The Turning Point (1977) Review | Jamie Daily

The Turning Point (1977)
50th Academy Awards 1978
3/5 Stars
Nominated for 11 awards.
Nominated for Supporting Actor (Mikhail Baryshnikov), Best Actress (Anne Bancroft), Best Actress (Shirley MacLaine), Best Supporting Actress (Leslie Browne), Art Direction (Albert BrennerMarvin March), Cinematography (Robert Surtees), Directing (Herbert Ross), Film Editing (William Reynolds), Best Picture (Herbert Ross, Arthur Laurents), Sound (Theodore Soderberg, Paul Wells, Douglas O. Williams, Jerry Jost), and Writing–Original (Arthur Laurents).
Watched September 28, 2012.

 

The Turning Point would today be considered a Lifetime movie, Oscars-style.  To have been nominated for eleven Oscars and win none of them has only happened twice in the Academy’s history.  To be honest, a few of the nominations seemed a bit excessive–namely the supporting cast.  The film was apparently a big hit when it came out, and should certainly be on the favorite list of today’s dancers, but it is another prime example of a film not standing the test of time.

 

Despite its flaws, this film is very relatable.  For anyone who once had a dream, and ended up taking a different path, or outgrew it, the story line will strike a chord with you.  It is about a woman named Deedee (Shirley MacLaine) who gave up the opportunity of being a prima ballerina to get married and have a family.  One day when her old company comes into town, her oldest daughter is invited to join.  Deedee accompanies Emilia (Leslie Browne) to New York, just for the summer, and immediately feels out of place.  It is not her time anymore, and it seems the light is dimming on her old friend and rival, Emma (Anne Bancroft), who might just be nearing her last dance.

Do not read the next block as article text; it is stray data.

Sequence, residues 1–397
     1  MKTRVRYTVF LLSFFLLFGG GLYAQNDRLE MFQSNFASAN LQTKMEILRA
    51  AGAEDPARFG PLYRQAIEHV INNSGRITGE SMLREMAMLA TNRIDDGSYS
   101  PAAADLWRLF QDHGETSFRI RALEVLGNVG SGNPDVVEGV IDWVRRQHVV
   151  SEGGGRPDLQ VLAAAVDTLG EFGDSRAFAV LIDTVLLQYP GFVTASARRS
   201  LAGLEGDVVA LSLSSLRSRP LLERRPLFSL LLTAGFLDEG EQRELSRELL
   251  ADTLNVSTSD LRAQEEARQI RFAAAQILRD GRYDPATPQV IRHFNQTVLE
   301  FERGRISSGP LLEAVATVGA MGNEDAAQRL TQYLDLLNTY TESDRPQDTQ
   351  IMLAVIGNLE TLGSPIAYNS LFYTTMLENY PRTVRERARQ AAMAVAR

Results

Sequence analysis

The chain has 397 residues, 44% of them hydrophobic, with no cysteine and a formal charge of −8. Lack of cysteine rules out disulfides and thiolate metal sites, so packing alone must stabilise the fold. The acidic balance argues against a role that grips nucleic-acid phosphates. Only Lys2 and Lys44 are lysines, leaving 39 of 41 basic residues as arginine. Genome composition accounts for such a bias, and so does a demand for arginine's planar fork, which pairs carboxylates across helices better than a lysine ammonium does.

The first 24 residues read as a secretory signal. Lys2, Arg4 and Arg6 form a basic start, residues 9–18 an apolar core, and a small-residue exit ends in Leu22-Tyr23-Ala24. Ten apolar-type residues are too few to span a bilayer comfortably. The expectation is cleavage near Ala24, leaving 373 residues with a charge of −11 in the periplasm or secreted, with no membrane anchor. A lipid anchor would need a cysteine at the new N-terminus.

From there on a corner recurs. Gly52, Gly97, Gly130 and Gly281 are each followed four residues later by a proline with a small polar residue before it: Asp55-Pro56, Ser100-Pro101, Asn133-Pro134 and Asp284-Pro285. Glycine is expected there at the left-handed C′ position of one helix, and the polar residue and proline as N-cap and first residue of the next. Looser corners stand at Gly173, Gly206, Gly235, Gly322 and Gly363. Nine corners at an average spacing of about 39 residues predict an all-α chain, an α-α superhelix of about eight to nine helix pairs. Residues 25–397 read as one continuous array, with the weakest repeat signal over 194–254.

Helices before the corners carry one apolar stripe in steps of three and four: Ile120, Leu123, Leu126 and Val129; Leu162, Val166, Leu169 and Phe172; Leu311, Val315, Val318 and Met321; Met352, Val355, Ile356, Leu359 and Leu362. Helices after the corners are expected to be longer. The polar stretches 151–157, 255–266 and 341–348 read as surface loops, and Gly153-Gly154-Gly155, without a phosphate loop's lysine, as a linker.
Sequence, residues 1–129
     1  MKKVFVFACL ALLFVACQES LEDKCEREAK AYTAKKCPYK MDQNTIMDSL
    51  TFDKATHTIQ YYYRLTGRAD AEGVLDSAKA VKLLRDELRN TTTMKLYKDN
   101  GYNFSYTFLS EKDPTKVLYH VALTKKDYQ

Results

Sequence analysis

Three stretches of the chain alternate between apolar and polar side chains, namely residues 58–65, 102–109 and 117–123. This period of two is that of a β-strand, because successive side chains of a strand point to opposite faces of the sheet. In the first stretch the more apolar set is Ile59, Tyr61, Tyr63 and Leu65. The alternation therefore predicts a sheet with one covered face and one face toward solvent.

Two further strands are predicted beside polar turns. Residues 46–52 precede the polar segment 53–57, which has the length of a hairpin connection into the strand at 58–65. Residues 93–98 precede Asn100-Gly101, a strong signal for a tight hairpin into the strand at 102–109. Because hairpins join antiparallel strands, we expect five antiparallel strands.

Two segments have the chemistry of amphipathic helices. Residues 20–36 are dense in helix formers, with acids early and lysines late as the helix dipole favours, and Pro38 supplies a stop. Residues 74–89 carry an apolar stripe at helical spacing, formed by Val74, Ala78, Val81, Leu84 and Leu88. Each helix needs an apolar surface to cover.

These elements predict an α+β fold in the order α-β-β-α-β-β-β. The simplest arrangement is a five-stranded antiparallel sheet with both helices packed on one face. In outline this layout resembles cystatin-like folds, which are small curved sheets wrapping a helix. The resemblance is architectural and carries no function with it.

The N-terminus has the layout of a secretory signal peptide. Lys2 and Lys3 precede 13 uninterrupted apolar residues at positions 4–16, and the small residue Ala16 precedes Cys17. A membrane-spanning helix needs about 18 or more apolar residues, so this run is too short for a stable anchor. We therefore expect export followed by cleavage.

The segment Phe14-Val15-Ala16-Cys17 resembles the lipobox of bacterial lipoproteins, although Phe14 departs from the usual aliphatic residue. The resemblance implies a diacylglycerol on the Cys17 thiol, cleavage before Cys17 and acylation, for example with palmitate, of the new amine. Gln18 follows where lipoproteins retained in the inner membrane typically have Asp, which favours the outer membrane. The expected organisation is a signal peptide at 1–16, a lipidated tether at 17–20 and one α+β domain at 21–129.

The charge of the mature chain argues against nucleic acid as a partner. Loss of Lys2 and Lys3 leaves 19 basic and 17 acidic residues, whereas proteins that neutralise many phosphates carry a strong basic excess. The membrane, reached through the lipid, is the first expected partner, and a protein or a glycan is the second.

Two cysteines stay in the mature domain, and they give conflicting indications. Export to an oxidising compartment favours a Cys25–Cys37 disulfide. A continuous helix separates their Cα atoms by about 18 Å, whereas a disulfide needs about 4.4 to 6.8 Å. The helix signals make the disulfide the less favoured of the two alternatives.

To see the ins and outs of a dance company is something we are familiar with in films these days, but to see such exquisite dancing, we are not as accustomed.  Granted, as the Step Up films certainly highlight their genres very well, The Turning Point does the same with ballet.  Its consistency with the story is a bit lacking, but unlike many critics I enjoyed this.  I found it more realistic and consistent than, say, a musical.  The characters themselves are in fact dancers, and when they practice and perform the dance consumes them, but in their outside lives they are not as likely to break into song and dance.

 

Considering the fact that neither MacLaine or Bancroft were dancers, they did a very good job assimilating themselves into their environment.  Their relationship is strained, almost fake, because of long-harbored resentment toward each other.  They both long after the life the other person has and are filled with regrets.  The film is preoccupied by the life decision between career and family, which doesn’t give the actors too much range to work with.  The climactic confrontation between the two main characters inevitably comes, and after a lot of harsh words and a drink thrown in MacLaine’s face (which was unplanned and thus her reaction is of genuine surprise), turns into a full-out cat fight that was quite hilarious.

 

Overall, unless you are a lover of dance or a fan of Lifetime movies, I would not recommend this movie for you.  However, if you have any appreciation for ballet, I suspect this is already one of your favourite films!

Source: The Best Picture ProjectMubiIMDBRotten TomatoesYou Dance Funny, So Does MeMinute a Day About MoviesAll MovieEmanuel Levy

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